6.      Sell the value of PTA membership.  Recruiting new members goes hand-in-hand with making sure they find value in PTA and renew their membership.  Keep members motivated through on-going communication, opportunities to volunteer, and recognition.  Emphasize to new members what they get for their membership dues; for example, access to articles, newsletters, and publications from state and national PTA, exclusive membership benefits and sponsorship information, including discounts, special offers, and promotions from state and national PTA sponsors, free e-learning courses on subjects such as time management and conflict resolutions, as well as courses on PTA basics and access to join the Member to Member network, the grass roots advocacy system providing direct contact by state PTA members with members of state and national legislatures.  However, the number one benefit that  PTA members receive from PTA membership is the ability to help their own and other children.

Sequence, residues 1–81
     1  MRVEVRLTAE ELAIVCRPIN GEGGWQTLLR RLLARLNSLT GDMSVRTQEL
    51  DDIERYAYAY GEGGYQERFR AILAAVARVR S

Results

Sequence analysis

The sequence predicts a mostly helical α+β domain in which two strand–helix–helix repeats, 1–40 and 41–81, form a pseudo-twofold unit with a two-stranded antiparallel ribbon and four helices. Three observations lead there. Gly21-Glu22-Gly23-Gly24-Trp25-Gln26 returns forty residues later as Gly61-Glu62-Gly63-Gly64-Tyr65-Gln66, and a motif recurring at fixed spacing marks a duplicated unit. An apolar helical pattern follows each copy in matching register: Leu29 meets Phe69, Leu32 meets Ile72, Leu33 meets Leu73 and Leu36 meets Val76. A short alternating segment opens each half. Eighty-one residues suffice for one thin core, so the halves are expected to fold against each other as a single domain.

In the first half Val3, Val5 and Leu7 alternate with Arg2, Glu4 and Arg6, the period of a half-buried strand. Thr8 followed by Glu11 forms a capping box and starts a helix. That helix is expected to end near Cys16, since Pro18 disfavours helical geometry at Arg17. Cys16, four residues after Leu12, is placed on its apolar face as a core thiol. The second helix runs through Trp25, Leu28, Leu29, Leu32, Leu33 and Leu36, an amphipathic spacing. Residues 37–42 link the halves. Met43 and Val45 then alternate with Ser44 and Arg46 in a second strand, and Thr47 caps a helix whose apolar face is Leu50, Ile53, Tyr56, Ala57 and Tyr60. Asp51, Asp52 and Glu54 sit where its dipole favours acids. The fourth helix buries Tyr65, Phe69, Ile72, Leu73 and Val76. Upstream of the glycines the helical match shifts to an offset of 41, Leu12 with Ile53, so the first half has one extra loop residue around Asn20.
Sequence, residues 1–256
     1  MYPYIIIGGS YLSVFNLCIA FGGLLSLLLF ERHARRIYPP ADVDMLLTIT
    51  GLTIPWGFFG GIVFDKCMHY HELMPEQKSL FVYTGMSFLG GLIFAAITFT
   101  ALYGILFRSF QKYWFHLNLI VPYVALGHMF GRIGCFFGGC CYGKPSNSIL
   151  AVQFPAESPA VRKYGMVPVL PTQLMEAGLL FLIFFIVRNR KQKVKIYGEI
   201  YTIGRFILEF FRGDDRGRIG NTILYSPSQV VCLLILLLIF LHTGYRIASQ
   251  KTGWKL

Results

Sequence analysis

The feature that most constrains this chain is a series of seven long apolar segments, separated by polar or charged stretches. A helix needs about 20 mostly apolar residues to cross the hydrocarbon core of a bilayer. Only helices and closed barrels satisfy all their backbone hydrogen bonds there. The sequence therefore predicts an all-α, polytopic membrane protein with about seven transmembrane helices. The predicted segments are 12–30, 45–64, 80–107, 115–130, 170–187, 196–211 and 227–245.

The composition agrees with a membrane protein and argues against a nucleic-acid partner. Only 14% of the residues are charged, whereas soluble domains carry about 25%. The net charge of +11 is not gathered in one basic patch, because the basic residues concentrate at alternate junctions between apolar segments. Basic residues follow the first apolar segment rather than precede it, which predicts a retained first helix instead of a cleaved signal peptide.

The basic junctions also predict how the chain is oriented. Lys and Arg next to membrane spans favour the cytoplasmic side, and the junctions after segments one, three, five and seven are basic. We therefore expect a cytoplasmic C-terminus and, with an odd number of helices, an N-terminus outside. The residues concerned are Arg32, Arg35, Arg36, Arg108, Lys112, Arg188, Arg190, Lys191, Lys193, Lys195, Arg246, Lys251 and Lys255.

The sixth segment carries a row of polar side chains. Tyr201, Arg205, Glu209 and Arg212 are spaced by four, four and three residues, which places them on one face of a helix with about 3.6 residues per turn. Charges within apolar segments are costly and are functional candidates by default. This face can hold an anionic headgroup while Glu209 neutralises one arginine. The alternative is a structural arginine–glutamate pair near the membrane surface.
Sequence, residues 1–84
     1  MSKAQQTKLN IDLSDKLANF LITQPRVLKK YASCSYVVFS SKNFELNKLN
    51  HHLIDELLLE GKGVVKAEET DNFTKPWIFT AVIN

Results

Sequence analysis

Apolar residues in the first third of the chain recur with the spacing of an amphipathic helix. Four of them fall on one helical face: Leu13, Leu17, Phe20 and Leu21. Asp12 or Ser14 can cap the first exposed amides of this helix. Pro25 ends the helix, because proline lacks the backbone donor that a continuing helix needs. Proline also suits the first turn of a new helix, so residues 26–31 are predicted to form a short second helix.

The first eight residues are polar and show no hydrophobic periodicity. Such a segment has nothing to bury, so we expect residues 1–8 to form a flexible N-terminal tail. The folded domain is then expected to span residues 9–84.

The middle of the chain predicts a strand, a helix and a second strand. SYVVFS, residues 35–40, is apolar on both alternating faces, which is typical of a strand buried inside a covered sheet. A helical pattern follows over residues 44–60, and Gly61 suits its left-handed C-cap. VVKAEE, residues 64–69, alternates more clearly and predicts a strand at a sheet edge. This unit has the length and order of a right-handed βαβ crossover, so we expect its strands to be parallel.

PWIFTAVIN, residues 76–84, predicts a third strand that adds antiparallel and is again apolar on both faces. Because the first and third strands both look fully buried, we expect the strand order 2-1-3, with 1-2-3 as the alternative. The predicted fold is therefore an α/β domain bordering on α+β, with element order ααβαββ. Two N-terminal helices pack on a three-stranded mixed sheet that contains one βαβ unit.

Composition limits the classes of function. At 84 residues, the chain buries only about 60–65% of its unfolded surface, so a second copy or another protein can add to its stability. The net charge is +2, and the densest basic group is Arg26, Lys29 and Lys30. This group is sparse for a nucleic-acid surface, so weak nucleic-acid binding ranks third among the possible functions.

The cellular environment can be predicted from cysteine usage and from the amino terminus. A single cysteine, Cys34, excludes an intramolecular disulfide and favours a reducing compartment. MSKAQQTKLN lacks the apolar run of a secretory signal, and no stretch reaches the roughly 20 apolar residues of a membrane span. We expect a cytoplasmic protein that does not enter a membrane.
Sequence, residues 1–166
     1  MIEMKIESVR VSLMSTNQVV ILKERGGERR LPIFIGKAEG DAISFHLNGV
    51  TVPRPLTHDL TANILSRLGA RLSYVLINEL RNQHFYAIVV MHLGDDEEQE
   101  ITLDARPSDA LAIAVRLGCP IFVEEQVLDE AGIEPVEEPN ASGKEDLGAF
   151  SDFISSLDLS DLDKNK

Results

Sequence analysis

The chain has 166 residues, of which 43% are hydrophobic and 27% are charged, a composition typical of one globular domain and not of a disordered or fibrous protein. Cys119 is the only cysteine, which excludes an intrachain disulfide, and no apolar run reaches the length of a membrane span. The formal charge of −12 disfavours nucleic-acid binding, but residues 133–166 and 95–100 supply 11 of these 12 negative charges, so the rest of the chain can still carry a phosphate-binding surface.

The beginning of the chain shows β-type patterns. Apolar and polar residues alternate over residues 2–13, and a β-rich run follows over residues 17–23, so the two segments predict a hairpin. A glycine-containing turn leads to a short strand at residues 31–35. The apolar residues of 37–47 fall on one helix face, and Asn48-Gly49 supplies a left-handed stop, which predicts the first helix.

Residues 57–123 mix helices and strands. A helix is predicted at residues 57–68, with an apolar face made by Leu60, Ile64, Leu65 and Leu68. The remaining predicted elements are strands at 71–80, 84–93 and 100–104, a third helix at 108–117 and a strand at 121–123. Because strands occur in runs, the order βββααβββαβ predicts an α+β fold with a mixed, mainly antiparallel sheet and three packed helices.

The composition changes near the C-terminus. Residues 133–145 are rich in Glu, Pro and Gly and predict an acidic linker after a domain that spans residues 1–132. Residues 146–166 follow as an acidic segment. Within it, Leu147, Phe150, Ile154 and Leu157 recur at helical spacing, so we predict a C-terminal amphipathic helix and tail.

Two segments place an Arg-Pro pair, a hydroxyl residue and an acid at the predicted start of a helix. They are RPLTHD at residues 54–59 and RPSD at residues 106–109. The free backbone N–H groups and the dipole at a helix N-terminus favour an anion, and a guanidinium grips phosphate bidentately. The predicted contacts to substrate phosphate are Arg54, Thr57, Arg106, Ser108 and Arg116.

7.      Collaborate with and learn from others.  People like to join organizations that make a difference in the lives of others, are educational and beneficial to the community, allow them to network with other people and provide opportunities to have fun.  Tap into the expertise of individual parents, teachers, and business people and let them showcase their talents through local PTA activities.

8.      Assist with service-learning initiatives.  In some schools, community service and citizenship education has evolved into formal service-learning for students.  Through these programs, students participate in individual and group volunteer service activities. As a PTA, sponsor activities to help educate children and increase awareness of your local PTA.  For example, plan a day of planting trees, picking up litter, or volunteering to do something to build a better community.  You will benefit through community service, and your students will learn important lessons.